So what is a safe haven you might ask? Well I certainly don’t have the final answer, but I would suppose it should as many as the following characteristics as possible.Read more ›
Articles By: Claus Vistesen
While the ECB may certainly now buy as many peripheral bonds as it wishes if it deems convertibility risk to be a real issue money is already trickling into cash strapped peripheral economies through the arcane tool of emergency liquidity assistance (ELA)Read more ›
This post highlights a brilliant piece of journalism by Bloomberg reporters Sharon Smyth, Neil Callanan and Dara Doyle. The story takes us to Spain and Ireland and the former’s denial with regards its housing market. A passage that was particularly staggering was the comments by Miguel Angel Garcia Nieto, mayor of Avila (a town showcased in the article), that this is just an interim soft spot as a result of the crisis and that oversupply and overcapacity will eventually be absorbed. Hope, as they say, springs eternal.Read more ›
In this first post of a series of 3-5 posts, I try to present the building blocks of the argument as I see them and answer the question of why the traditional view on the liquidity trap does not apply in the current situation.Read more ›
Despite comparisons with Greece, Portugal is not in entirely the same situation, at least not yet it isn’t. Crucially, Portugal is currently under no obligation to deal with international or national creditors to increasing government debt issuance courtesy of joint aid programme administered by the EU and the IMF. So far so good. Portugal has time and while I am as certain as an economist can be that the country will need debt restructuring, the time between here and there may still prove crucial.Read more ›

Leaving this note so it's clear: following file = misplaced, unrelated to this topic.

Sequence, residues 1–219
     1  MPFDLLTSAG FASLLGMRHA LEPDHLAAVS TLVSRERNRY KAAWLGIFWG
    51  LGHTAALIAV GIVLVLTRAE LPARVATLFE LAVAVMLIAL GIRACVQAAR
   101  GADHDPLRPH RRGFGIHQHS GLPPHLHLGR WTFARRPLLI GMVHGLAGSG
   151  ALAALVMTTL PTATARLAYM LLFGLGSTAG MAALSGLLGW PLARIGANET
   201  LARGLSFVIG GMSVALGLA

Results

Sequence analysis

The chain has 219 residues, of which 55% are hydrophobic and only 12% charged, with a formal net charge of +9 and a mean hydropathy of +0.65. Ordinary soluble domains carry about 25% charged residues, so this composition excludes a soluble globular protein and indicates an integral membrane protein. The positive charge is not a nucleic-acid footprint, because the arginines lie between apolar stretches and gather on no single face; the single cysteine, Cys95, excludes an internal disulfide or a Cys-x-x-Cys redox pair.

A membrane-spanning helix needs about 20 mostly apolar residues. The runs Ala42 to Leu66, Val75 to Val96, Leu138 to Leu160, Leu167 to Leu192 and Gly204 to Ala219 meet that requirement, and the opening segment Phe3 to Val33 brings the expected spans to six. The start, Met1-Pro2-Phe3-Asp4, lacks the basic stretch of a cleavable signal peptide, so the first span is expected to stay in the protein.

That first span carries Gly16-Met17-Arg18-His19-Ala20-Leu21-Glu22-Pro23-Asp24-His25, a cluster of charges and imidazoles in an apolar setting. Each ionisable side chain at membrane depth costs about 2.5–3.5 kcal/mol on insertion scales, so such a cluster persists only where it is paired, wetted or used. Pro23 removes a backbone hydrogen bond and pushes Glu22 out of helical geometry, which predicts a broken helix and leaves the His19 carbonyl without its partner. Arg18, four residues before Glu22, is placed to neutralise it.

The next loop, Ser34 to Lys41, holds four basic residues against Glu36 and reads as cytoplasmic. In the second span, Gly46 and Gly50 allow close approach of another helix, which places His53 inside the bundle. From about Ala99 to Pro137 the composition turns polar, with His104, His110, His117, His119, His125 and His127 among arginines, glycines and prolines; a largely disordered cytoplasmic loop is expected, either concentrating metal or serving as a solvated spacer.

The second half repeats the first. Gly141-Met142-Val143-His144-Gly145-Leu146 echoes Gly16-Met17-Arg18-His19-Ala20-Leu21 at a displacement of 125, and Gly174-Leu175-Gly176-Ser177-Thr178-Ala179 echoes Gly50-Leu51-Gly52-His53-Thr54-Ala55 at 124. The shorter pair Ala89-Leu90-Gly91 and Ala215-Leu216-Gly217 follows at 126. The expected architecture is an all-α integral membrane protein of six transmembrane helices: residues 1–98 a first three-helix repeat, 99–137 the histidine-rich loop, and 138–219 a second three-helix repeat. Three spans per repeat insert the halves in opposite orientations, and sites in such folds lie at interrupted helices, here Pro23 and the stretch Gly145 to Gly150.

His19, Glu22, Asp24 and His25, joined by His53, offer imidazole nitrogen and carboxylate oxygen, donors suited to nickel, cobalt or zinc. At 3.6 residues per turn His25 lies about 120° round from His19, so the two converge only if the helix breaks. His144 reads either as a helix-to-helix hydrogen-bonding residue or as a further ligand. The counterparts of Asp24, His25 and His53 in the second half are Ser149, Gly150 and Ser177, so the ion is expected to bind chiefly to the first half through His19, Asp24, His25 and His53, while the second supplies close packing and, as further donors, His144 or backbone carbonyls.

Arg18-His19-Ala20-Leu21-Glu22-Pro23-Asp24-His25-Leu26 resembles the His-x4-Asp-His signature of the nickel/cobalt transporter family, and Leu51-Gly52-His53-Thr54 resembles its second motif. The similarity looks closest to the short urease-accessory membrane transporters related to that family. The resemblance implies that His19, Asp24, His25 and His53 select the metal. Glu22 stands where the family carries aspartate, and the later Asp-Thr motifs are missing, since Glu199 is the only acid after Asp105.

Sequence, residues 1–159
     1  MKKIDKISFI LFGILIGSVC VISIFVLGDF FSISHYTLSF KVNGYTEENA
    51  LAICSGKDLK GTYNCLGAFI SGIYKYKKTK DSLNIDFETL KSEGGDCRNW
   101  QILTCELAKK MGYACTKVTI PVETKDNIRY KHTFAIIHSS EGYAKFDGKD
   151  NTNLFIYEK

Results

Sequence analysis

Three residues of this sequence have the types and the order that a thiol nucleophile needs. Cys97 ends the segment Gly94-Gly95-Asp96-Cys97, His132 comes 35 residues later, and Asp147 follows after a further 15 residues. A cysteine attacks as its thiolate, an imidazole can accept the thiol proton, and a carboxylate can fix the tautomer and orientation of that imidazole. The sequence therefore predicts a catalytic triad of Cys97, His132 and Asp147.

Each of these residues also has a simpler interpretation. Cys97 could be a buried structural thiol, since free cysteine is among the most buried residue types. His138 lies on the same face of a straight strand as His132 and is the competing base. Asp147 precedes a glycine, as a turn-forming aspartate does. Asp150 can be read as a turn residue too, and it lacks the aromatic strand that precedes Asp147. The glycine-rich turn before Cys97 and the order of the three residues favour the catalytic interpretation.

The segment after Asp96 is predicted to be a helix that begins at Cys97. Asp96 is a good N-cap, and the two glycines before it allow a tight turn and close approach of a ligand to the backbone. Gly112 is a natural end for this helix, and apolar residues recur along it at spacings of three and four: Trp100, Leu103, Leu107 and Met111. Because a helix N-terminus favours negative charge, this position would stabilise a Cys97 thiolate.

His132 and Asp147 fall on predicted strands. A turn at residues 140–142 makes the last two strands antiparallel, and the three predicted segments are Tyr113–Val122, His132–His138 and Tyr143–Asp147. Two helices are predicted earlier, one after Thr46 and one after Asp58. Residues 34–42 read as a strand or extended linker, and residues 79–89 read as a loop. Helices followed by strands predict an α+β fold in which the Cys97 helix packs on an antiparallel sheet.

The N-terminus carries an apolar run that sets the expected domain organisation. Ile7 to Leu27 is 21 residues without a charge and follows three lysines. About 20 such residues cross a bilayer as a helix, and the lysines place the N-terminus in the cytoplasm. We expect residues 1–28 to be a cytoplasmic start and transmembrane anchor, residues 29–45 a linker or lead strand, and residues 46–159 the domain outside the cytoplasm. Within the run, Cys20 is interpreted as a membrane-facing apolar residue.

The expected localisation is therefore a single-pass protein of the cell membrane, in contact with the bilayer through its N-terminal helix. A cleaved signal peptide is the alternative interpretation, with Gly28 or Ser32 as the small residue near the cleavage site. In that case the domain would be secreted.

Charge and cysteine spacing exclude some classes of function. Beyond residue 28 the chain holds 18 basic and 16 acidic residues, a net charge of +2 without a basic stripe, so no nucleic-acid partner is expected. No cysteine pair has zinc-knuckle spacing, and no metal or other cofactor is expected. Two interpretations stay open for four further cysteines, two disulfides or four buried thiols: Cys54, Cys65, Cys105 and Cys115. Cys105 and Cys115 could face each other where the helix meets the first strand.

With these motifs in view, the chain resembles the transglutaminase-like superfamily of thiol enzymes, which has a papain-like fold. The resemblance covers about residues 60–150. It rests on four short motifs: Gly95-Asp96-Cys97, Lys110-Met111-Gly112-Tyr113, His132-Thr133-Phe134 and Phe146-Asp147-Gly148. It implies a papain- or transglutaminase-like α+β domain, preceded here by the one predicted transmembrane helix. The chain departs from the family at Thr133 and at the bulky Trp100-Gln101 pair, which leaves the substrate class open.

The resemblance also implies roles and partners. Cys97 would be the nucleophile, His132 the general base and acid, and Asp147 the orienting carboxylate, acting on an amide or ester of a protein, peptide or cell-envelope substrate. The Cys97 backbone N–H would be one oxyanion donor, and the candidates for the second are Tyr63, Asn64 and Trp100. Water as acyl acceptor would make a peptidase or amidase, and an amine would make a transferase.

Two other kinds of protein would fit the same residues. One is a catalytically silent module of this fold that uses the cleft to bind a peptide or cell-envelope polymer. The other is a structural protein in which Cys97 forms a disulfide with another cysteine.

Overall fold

So far, we must give Chinese authorities the benefit of the doubt and it is almost certain that they will now turn from a focus on inflation to a focus on growth. This is particularly the case as inflation has come down significantly in China and while base effects will be an important part of this story, the sharp retrenchment of liquidity will also have mattered.Read more ›
The ECB and BOE have shown their intent with their recent aggressive balance sheet expansions and the Fed is trying hard to keep the door open for more QE even as the data in the US continues to defy the general global slowdown.
In Asia however sticky inflation in India, a desire to nail property developers to the wall in China and a belief in a post earthquake in Japan have kept the big Asian central banks from providing additional easing. Even in Australia where the economy has been teetering on the brink of a recession for 6 months, the central bank has refrained from any decisive moves.Read more ›
n the short term, one of the only remaining stumbling block in the form of the ongoing default proceedings in Greece seem to be no match for the ongoing positive animal spirit of the equity market. Only a week ago, we got news that talks in Greece had stalled, but most recently we have been reassured that talks are back on track.Read more ›
It is my view that the ECB is now the only thing between the economy and widespread bank failures, but I also concur that the consequence of this is a permanent outsourcing of the interbank market in Europe to the ECB’s balance sheet and, quite possibly, Fed’s USD swap lines.Read more ›
The rumour mill is grinding particularly fast at the moment. Germany and France seem to be working on the famous nuclear solution, Spain plays tough on outsiders, the IMF is rumoured to be preparing an aid package for Italy not to mention Hungary and Austria (just like Belgium) has entered the rating agencies’ cross hair.
So, what to believe?Read more ›
By Claus Vistesen (see source of image at end of post) I have recently spent a few days in New York talking to clients as well as sneaking in a bit of marathon watching and a visit to the Guggenheim museum. Flying across the big pond also means that there is plenty of time to catch up on movie watching. [...]Read more ›
The auxiliary objective of QE by the Fed is to weaken the USD. Herein lies the rub. Quite simply, with the recent announcement by the BOE of another round of QE worth £75 billion, with the ECB now willingly or unwillingly being forced into increased support of peripheral debt markets and with the BOJ also pledging more stimulus, the Fed is starting to look like the conservative central bank in the G4. Even if Merkel and Sarkozy, and rightly so, appear most concerned with putting pressure on Italy, the most significant issue remains Greece which is now in default a fact that was un-sanctimoniously confirmed by the leaked bailout document which has the Troika admitting that the medicine they were mandated to administer would only make the patient worse and not better.Read more ›